Accra- Ghana (PANA) -- The Director General of the Ghana Health Service, Agyeman Badu Akosa, Friday in Accra described the high malnutrition rate in the country as "unacceptably," with under-nutrition causing 50 percent of deaths in children.
He said with good nutrition such deaths could be prevented.
Akosa said the proportion of underweight children below five years of age in the country, rose from 22 to 28 percent between 1993 and 2003, while those with stunted growth increased from 26 to 30 percent.
"This means that close to one out of every three children in this country is suffering from the effects of long-term or periodic inadequate food intake," the Minister explained.
He also said a study conducted among the elderly in Accra showed a high prevalence of malnutrition of 48 percent, due mainly to lack of money to buy food.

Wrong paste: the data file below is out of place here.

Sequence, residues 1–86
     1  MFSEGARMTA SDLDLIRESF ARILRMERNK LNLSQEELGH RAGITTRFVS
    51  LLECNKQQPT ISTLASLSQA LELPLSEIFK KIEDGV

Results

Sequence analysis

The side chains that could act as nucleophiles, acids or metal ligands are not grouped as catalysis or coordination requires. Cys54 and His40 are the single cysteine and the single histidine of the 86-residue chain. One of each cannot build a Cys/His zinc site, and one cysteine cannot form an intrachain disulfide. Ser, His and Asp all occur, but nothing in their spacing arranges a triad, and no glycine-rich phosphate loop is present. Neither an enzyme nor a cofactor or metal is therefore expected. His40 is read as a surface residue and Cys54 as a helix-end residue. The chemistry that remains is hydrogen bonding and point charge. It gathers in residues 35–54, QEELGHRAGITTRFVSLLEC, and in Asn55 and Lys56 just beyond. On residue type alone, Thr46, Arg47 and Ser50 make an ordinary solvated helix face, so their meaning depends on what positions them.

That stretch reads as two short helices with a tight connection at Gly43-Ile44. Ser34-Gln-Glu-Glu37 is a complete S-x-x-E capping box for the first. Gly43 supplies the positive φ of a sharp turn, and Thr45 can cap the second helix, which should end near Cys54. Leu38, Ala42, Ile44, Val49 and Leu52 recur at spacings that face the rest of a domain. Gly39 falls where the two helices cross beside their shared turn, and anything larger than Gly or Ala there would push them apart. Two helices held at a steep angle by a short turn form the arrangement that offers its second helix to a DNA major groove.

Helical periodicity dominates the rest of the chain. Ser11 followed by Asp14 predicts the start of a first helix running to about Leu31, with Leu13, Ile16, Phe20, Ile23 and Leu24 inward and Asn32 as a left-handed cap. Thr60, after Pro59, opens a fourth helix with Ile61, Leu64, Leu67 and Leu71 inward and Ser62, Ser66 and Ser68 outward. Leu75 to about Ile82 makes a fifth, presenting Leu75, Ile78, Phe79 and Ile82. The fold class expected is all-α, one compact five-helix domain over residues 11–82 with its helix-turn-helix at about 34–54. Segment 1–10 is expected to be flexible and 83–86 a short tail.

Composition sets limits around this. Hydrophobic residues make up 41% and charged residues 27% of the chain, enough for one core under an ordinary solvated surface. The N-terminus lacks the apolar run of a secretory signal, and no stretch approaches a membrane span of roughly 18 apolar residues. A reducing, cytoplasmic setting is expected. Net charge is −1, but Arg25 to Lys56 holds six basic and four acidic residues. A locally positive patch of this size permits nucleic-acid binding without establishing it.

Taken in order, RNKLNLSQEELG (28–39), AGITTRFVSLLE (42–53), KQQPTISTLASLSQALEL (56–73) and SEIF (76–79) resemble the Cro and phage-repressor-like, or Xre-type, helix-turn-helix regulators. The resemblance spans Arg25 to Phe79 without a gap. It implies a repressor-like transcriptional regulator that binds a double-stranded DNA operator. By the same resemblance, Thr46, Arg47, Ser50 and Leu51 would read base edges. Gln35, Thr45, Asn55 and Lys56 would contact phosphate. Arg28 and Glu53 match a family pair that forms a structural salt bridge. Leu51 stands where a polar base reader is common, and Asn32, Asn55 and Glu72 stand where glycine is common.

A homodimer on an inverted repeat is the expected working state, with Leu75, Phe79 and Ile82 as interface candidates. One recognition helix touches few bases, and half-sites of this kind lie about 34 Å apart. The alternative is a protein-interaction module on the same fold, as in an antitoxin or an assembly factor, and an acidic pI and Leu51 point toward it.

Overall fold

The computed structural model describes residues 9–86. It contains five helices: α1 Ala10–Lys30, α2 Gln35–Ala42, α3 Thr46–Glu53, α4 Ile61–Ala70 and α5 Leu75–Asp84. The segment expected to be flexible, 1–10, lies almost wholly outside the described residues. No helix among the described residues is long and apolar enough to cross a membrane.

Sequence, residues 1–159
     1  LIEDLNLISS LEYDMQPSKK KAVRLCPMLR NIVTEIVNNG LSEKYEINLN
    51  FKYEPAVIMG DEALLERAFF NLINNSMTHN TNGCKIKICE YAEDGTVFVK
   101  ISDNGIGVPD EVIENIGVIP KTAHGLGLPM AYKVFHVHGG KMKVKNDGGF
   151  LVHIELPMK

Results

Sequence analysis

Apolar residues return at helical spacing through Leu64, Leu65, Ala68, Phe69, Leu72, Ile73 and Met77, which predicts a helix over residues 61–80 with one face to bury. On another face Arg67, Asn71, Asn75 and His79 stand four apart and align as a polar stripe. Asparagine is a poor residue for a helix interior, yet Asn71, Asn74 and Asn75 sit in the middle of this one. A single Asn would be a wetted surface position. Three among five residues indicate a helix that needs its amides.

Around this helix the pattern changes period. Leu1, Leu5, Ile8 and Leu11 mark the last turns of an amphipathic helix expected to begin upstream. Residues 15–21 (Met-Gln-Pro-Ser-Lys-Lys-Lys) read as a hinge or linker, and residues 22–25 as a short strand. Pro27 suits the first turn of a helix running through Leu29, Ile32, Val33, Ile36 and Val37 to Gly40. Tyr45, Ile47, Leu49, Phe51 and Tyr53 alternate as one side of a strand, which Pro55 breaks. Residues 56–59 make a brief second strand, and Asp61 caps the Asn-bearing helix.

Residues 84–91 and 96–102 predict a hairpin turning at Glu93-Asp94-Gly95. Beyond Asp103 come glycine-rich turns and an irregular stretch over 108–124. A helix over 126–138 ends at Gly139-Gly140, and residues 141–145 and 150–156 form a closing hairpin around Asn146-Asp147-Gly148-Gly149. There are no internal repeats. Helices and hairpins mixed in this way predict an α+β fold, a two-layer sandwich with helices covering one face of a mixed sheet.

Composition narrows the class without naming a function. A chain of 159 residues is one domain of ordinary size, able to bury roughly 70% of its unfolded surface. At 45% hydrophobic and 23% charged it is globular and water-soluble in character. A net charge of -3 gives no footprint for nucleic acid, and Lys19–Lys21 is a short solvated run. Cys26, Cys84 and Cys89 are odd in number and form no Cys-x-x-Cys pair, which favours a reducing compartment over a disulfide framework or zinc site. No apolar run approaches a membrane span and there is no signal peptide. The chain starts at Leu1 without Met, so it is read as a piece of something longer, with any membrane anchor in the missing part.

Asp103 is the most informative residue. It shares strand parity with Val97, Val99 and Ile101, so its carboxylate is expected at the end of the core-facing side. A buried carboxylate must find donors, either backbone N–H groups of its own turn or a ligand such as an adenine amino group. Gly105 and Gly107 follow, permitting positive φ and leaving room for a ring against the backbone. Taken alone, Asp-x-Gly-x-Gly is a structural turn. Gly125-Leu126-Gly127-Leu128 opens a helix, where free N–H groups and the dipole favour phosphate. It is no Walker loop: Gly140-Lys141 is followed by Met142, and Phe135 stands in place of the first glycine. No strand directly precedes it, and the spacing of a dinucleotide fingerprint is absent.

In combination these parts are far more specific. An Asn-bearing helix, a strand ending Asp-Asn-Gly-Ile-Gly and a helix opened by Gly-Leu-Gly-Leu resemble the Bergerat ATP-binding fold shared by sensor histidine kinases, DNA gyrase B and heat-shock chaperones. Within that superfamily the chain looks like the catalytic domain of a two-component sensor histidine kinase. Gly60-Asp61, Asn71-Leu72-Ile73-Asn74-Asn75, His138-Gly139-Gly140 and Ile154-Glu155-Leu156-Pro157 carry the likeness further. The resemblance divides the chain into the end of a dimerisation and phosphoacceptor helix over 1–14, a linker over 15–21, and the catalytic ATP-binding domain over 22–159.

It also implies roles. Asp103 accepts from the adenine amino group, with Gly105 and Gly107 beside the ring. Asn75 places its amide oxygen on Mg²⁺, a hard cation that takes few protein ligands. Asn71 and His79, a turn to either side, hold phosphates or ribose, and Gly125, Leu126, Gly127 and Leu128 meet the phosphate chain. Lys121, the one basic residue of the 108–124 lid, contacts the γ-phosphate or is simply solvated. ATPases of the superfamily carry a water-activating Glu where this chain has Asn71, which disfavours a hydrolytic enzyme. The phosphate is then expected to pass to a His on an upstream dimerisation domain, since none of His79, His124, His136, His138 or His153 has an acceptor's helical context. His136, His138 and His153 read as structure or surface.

Another source of worry is the phenomenon of street children who could not feed themselves adequately, with their increasing numbers contributing to the soaring rate of malnutrition in children.
Akosa said deficiencies of important minerals and vitamins were also very common among women and children.
According to him, anaemia, caused mainly by iron deficiency, affected nearly 77 percent of children under five and about 45 percent of Ghanaian women in the childbearing age.
Vitamin A deficiency affected 72 percent of children under five and caused one out of three of all child deaths between the ages of six and 59 months, the Minister revealed.
"It is estimated that the number of child deaths attributed to vitamin A deficiency will be 86,000 between 2001 and 2005.
This means that Ghana has been experiencing 17,200 deaths annually (from this condition)," Akosa noted.
People who are iodine-deficient are usually mentally slower, difficult to motivate and less productive, he said, adding that with goitre prevalence of over 18 percent, Ghana loses one percent of its Gross National Product (GDP) annually.